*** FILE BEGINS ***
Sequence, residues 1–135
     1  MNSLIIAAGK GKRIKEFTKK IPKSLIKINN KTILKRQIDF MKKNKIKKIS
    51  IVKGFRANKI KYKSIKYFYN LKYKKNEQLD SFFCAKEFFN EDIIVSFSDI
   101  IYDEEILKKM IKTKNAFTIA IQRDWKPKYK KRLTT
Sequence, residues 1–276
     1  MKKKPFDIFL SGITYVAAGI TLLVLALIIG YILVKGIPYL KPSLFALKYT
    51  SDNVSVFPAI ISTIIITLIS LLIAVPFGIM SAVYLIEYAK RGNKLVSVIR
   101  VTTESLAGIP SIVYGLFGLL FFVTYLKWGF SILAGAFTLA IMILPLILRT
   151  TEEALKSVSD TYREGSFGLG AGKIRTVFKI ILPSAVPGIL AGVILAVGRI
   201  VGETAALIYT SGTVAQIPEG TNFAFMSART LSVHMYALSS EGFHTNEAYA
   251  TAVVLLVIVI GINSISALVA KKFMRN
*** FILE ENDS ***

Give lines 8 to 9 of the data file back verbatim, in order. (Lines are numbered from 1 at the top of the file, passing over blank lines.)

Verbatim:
   101  VTTESLAGIP SIVYGLFGLL FFVTYLKWGF SILAGAFTLA IMILPLILRT
   151  TEEALKSVSD TYREGSFGLG AGKIRTVFKI ILPSAVPGIL AGVILAVGRI